House to tackle fuel tax as it resumes sessions
THE HOUSE of Representatives will tackle measures seeking to either suspend or lower the excise tax on oil when sessions resume on Monday.
“Congress would like to be informed of how fuel prices have shot up so fast in a matter of weeks, so that we can possibly come up with measures that will help mitigate this emerging obstacle towards our recuperation,” Speaker Lord Allan Jay Q. Velasco said in a statement.
The House Ways and Means Committee will begin hearings on the bills proposing to reduce or suspend excise tax on fuel products.
Albay Rep. Jose Ma. Clemente S. Salceda, who heads the committee, filed a bill that seeks to exempt diesel and kerosene from excise tax, and reduce the excise tax on gasoline to P7 per liter (/L) from P10/L from Dec. 1, 2021 to June 1, 2022.
Deputy Speaker and Cagayan de Oro Rep. Rufus B. Rodriguez also filed a bill that would roll back the excise tax on fuel products for the next five years to the rates provided under the National Internal Revenue Code before it was amended. This would lower the excise tax on regular gasoline to P4.35/L and unleaded to P5.35/L, while no excise taxes will be imposed on diesel, kerosene, and liquefied petroleum gas.
“As we prepare for the wider reopening of businesses, we must ensure that our economic recovery will not be hampered by unwelcome disruptions, such as the unimpeded sharp rise in the cost of fuel,” Mr. Velasco said.
Business groups on Friday asked politicians to reconsider their request to suspend oil and electricity taxes, and instead provide targeted relief measures for transport workers such as subsidies and cash transfers.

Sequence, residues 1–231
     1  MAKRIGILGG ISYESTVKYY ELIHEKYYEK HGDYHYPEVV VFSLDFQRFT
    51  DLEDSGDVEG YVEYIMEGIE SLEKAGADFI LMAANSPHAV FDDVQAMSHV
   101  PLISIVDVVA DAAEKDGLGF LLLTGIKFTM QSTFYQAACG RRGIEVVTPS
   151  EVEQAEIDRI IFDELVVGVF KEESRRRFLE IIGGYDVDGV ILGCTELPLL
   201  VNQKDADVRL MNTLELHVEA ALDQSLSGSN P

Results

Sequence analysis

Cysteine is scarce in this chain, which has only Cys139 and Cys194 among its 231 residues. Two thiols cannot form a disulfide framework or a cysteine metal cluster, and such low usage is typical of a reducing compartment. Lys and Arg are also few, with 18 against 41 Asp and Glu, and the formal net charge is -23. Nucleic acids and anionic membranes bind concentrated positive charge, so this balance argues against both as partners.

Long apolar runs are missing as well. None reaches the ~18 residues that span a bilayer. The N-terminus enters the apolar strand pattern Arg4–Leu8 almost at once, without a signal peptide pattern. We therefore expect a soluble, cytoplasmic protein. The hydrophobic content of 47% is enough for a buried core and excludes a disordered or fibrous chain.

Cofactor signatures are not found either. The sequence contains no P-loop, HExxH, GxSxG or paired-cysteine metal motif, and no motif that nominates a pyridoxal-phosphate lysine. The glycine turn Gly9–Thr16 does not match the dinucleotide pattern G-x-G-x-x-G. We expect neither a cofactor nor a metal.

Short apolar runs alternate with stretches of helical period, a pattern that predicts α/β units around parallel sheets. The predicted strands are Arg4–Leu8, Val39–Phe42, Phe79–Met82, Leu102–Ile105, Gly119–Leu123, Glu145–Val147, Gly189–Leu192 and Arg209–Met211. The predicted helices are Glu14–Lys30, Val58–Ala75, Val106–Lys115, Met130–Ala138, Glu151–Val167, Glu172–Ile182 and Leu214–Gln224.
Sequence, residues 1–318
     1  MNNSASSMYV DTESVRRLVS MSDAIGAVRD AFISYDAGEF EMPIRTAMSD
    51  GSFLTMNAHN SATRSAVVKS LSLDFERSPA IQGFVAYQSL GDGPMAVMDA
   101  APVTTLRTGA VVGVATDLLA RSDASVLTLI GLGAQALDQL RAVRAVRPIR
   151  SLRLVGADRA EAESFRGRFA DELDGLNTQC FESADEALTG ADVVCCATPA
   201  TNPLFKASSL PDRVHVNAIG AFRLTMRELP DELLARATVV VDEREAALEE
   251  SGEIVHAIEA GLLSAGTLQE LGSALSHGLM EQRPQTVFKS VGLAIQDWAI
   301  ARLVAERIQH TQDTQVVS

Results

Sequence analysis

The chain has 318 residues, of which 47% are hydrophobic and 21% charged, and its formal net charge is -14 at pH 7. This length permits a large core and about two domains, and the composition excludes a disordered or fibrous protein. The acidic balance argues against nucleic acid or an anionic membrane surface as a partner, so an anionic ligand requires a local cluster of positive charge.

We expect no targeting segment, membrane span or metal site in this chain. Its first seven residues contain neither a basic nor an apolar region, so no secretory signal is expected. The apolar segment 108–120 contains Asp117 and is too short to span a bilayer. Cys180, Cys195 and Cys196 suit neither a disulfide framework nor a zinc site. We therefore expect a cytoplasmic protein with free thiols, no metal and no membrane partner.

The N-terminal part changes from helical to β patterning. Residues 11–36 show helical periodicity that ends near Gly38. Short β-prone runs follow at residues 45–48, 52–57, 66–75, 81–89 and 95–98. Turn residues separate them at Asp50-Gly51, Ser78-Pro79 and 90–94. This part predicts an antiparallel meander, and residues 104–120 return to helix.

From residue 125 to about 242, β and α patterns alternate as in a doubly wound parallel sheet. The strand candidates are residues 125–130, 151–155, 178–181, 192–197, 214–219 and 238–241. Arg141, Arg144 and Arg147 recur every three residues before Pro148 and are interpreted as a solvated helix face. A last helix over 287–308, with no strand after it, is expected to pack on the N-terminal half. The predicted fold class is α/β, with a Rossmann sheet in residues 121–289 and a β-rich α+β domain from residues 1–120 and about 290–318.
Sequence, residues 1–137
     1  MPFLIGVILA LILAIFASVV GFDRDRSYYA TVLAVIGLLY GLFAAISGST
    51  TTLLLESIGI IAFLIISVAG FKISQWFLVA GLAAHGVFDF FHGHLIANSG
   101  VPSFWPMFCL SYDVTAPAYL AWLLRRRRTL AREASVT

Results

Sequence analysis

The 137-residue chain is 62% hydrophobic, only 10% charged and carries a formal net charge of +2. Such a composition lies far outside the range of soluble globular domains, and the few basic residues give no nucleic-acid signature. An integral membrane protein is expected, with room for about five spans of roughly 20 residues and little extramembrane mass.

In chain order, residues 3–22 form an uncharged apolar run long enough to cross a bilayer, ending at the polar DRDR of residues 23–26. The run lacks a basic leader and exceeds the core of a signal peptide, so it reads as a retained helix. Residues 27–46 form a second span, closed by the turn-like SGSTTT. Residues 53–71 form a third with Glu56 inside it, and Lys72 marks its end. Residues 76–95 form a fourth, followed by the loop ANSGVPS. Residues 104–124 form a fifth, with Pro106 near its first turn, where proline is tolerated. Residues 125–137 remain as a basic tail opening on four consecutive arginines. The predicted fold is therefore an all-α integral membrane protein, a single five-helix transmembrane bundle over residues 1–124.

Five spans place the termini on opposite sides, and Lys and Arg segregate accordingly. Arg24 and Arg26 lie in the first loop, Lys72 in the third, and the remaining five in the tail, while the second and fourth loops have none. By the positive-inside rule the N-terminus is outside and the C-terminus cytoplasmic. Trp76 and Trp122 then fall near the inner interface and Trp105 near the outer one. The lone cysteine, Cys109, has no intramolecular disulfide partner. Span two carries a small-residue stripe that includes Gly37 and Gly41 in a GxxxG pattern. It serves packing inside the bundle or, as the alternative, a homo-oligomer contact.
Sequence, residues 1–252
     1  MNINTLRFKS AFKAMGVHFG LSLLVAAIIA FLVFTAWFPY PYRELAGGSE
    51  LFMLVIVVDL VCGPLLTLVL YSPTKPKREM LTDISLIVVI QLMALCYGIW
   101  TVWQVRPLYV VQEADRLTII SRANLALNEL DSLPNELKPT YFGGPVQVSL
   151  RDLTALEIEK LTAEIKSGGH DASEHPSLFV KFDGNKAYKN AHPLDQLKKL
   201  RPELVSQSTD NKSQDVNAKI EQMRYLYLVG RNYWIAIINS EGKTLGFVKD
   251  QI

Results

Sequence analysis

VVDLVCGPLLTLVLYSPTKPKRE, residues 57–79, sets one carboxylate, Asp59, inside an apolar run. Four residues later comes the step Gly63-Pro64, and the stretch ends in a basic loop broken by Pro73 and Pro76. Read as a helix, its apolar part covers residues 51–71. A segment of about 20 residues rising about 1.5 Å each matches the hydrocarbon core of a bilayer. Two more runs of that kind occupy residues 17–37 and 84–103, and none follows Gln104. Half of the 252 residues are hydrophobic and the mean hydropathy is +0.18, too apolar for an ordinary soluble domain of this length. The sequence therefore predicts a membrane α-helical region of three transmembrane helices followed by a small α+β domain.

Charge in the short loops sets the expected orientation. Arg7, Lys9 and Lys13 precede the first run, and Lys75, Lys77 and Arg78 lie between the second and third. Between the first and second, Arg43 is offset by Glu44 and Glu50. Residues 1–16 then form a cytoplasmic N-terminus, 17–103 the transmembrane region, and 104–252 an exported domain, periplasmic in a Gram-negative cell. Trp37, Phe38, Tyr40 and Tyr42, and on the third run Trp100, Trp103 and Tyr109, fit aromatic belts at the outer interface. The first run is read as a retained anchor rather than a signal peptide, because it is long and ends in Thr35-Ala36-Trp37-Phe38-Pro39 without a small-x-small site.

“For example, on the oil tax, public utility vehicles (PUV) account for only around 30% of total diesel consumption. Therefore, most of the benefits of a blanket suspension would go to people who don’t operate or use PUVs, as well as other oil consumers. These are funds that the government could and should use on public services that would most benefit lower income and vulnerable Filipinos,” according to the statement.
The statement was signed by eight groups, including the Financial Executives Institute of the Philippines, Makati Business Club and Philippine Chamber of Commerce and Industry.
Energy Secretary Alfonso G. Cusi earlier suggested the suspension of excise taxes on oil, as pump prices continued to soar. If implemented, Mr. Cusi said removing excise taxes might reduce pump prices by P8 to P10 per liter.
However, the Department of Finance warned that the suspension of excise tax would force the government to forego as much as P131.4 billion in revenue next year, possibly hindering economic recovery.
Meanwhile, Mr. Velasco said the House would prioritize the ratification of the proposed 2022 national budget as soon as the Senate passes its own version.
Senate leaders earlier said they aim to pass the budget bill by end-November.
“With such assurance from the Senate leadership, we do not see any major stumbling block in having a ratified and enacted 2022 national budget by December,” the Speaker said.
The House passed House Bill 10153 or the General Appropriations Act on third and final reading on Sept. 30. It was transmitted to the Senate on Oct. 25.
Congress adjourns for the Christmas break on Dec. 18. It will hold sessions from Jan. 17-Feb. 4, before adjourning for the national elections. Sessions will resume on May 23, with sine die adjournment on June 4. — Russell Louis C. Ku